Even before the outcome of the case between Syrian asylum-seekers vs. the Belgian state (X and X vs. Belgium) was known, a Dutch newspaper printed the headline: “Decision of the European Court today could lay a bomb under the European asylum system”. Well, it did not. In X and X vs. Belgium, the Court of Justice of the European Union decided to take a rather formal, possibly even politically motivated approach, concluding that member states have no positive obligation to issue humanitarian visa to Syrian families, even if they are at risk of ill treatment, in violation of Article 4 of the Charter of Fundamental Rights.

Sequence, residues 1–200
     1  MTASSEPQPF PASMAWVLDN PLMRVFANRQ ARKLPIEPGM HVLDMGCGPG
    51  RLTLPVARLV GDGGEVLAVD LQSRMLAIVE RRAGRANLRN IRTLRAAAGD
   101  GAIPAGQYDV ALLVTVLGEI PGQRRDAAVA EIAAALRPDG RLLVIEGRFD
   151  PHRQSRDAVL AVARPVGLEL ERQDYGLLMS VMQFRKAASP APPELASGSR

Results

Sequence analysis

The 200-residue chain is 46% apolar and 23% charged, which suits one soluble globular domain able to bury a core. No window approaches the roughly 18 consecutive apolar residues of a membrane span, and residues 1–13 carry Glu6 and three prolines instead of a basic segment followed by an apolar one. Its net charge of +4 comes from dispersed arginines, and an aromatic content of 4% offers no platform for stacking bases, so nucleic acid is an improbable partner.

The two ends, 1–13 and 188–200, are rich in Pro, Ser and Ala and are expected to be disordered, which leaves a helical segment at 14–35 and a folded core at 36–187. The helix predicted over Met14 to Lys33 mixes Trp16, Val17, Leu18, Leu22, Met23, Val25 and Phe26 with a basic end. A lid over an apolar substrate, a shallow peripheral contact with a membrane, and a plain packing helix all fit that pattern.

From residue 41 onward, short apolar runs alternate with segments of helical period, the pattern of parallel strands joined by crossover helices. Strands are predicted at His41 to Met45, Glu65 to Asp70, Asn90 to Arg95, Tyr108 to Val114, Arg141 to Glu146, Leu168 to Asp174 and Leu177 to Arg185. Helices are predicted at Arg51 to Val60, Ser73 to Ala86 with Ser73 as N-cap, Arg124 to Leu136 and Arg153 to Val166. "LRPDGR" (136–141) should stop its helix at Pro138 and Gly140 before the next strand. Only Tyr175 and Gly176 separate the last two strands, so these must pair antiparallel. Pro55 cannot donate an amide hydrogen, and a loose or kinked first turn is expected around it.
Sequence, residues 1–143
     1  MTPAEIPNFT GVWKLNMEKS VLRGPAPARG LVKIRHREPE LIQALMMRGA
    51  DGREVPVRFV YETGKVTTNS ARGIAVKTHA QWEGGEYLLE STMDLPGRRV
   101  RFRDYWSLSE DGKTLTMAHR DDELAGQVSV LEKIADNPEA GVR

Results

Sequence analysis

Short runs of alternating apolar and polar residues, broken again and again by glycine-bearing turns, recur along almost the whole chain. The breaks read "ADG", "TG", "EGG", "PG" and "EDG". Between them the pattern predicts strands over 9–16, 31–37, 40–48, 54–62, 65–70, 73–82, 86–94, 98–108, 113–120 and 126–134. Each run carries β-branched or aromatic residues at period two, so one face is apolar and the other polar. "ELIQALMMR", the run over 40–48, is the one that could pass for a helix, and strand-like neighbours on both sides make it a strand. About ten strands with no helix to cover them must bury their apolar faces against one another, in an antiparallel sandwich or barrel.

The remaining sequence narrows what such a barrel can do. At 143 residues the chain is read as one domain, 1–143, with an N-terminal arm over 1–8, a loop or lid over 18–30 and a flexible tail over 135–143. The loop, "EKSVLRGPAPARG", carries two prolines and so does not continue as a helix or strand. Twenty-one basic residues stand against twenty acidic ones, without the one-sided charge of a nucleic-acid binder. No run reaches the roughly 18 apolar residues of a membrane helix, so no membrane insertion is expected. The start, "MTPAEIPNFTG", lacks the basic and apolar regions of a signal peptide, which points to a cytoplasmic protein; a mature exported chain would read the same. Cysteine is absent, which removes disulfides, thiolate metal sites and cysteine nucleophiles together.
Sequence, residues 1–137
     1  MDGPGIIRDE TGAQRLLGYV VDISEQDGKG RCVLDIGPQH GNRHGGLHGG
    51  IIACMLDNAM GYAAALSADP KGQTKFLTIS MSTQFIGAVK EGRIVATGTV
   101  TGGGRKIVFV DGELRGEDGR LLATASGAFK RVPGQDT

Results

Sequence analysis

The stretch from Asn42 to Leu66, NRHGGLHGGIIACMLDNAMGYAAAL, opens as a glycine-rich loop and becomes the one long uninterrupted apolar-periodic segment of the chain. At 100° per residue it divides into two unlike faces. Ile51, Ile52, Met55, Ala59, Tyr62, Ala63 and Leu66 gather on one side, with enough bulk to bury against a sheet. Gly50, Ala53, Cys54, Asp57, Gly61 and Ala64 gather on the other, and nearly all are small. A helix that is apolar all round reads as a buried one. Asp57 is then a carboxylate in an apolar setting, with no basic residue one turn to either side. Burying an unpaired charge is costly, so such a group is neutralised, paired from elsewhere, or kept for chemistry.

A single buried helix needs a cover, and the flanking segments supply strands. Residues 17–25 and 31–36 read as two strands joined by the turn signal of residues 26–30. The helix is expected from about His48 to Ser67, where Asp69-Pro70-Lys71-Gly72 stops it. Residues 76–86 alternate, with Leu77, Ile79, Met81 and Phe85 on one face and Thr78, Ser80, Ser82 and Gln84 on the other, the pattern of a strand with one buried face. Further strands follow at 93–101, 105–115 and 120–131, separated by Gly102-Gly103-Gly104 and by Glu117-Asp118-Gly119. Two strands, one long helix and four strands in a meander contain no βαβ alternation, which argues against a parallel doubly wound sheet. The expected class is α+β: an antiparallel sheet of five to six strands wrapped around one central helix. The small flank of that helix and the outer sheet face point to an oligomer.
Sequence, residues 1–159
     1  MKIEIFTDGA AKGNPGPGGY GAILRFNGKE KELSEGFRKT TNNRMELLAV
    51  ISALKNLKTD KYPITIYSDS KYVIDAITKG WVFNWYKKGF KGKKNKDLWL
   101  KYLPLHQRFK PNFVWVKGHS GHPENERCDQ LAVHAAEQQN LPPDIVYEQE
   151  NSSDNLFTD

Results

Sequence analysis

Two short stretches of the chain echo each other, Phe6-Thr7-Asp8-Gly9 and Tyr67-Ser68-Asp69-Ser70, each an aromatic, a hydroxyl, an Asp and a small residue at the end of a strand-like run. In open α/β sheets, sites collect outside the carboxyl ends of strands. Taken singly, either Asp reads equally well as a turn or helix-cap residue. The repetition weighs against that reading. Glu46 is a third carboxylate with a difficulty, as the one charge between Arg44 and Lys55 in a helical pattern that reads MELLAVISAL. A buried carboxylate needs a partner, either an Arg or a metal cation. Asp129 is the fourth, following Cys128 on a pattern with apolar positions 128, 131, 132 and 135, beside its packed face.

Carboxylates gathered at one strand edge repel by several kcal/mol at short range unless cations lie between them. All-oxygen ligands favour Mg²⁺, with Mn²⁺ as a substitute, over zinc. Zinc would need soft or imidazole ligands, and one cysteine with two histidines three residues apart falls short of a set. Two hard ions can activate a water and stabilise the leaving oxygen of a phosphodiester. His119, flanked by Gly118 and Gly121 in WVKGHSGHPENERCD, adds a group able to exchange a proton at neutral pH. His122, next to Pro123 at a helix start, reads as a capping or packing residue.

The author of this CEPS commentary explains why this judgment is disappointing. In opting for political inertia the Court of Justice is doing nothing to address the shared and individual responsibilities of EU member states towards asylum-seekers and refugees, who continue to risk their lives to reach Europe.
Evelien Brouwer is Senior Researcher and Lecturer in Migration Law at Vrije Universiteit Amsterdam.
CEPS Commentaries offer concise, policy-oriented insights into topical issues in European affairs. As an institution, CEPS takes no official position on questions of EU policy. The views expressed are attributable only to the authors in a personal capacity and not to any institution with which they are associated.
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